1. Advantages of Commodity Investment
      1. Possibility of ample diversification of the investment
      2. Helps in acquiring an advantageous position during a market upswing
      3. Acts as a positive edge in case of crises like wars, financial crises, inflation and natural disasters
      4. Offers higher liquidity
      5. The deposit margin money ranges between 5% and 10% on an average on the entire value of the agreement
      6. But commodities are quite volatile. This volatility makes them a bit riskier investment option, especially in the short term. However, if the investment is held on for the long term, it could be quite a safe option, as the price of commodities is ever rising.
    2. Taxation rule of the commodity market profits
      1. The tax implication largely depends on how it is treated by the investor—capital gains, business income or any speculative transaction
      2. Commodity derivatives get traded on commodity exchanges and the transactions are routed through commodity brokers
      3. Provisions for carrying forward the losses and setting them against the profits are applicable here
      4. In the case of non-speculative losses like delivery-based contracts, it can be carried forward for 8 years
      5. Loss settlement is dependent on the kind of contract

Once you have understood the various products that can be used in order to grow your hard-earned money safely, you need to understand the various types of risks in an investment product and then choose the same accordingly. The so-called safe investment opportunities also have some inherent risks in them.

Types of Risks on Investment

Creating a planned investment portfolio is a challenge in itself. Most of the types of high-return investment instruments are subject to market risks. Several other related factors get involved in the way of maintaining a successful investment portfolio. This article will shed light on the various types of possible risks that an investor might face while investing.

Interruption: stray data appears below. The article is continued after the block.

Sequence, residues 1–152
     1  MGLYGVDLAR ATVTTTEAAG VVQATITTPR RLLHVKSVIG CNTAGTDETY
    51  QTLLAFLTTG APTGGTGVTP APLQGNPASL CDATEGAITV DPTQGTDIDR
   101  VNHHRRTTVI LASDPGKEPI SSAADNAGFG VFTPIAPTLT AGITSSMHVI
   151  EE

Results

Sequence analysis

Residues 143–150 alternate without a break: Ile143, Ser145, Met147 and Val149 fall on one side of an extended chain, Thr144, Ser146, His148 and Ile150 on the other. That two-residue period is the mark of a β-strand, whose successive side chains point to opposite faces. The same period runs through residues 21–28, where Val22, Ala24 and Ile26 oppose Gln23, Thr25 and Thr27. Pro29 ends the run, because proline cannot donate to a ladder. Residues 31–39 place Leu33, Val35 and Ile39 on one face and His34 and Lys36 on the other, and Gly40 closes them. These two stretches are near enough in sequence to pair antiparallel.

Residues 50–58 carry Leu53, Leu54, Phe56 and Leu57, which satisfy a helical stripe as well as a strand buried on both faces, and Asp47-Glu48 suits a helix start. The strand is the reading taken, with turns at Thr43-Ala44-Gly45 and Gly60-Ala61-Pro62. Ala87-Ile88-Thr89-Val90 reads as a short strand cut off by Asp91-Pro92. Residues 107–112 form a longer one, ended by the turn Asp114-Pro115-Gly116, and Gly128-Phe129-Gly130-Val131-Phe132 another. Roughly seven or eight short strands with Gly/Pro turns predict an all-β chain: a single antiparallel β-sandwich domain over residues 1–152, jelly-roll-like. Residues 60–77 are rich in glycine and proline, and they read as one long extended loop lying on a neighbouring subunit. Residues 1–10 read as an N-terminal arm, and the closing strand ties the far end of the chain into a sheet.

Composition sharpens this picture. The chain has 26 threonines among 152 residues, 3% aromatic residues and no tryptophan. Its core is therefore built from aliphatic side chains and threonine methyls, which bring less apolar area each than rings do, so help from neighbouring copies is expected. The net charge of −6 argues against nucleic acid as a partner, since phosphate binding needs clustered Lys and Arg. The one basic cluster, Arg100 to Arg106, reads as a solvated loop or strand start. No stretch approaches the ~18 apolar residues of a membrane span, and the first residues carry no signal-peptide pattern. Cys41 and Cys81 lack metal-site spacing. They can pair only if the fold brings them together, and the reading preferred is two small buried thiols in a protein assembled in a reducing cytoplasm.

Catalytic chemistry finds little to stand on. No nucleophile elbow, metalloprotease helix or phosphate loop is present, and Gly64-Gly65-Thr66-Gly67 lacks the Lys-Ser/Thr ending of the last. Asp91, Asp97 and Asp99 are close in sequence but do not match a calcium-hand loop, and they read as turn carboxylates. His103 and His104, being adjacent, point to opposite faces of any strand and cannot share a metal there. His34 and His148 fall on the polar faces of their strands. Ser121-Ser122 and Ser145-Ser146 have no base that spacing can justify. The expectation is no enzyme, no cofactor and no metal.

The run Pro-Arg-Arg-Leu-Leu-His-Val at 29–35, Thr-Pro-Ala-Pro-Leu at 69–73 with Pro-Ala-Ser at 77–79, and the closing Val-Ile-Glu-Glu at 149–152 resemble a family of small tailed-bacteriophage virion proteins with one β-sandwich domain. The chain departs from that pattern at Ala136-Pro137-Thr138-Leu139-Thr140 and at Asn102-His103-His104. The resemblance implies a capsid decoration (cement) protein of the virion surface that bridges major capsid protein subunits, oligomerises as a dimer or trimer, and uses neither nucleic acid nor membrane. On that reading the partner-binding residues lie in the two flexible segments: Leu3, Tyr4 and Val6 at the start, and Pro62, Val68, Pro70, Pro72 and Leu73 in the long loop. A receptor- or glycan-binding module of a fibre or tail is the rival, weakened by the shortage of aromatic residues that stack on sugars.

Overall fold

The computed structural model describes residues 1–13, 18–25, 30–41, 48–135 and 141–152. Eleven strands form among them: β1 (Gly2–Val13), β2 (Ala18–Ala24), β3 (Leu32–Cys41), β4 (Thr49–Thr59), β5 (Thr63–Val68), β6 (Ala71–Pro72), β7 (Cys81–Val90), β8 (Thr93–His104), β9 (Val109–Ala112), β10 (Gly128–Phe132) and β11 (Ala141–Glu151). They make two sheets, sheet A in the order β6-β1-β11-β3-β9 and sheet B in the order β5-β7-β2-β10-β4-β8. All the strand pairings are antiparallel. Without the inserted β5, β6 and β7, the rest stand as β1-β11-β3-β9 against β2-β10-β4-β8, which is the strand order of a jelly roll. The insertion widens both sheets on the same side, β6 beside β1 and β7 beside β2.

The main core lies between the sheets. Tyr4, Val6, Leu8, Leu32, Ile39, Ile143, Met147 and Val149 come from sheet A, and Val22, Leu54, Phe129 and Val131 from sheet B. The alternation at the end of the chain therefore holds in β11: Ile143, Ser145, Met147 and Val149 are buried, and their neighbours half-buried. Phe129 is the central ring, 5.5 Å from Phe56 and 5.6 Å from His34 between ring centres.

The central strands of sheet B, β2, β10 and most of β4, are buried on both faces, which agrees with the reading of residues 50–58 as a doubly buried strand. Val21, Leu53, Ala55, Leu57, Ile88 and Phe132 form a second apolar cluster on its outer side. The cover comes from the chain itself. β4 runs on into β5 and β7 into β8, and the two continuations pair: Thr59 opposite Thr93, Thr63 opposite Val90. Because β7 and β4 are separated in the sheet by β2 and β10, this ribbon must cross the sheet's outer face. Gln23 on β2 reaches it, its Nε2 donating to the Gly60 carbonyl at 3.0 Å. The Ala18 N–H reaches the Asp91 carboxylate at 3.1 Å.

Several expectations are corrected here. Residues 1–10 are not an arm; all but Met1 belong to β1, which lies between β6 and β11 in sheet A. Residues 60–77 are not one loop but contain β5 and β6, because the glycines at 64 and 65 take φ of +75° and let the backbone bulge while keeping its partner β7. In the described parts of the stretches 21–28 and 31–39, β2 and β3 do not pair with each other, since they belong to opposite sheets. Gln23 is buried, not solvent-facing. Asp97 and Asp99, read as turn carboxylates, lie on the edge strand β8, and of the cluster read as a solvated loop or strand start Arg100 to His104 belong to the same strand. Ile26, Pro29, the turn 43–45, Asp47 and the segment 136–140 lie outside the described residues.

What is meant by Investment Risk?

Analyzing from a practical financial perspective, it is seen that most of the investment instruments do jot provide assured guaranteed returns. The reason is that when an investor is investing, he/she is undertaking a certain amount of risk. Each type of investment comes with different sets of risk involvement.

The general shows that the more the level of risk undertaken the better the rate of potential returns. The reference can be drawn from the bond markets with interest rates and stock markets with potential returns. A heavily risky portfolio is also prone to potential losses in the investment market. But at the same time, it is also true that with minimal risk involvement, a large number of potential gains go amiss. The investment risk is actually the difference between the expected rate of returns and the actual value of returns.

As per the opinions of the financial experts, the total risk is a combination of both unsystematic and systematic risk. With more additions of the securities to the portfolio, the unsystematic risk level decreases gradually.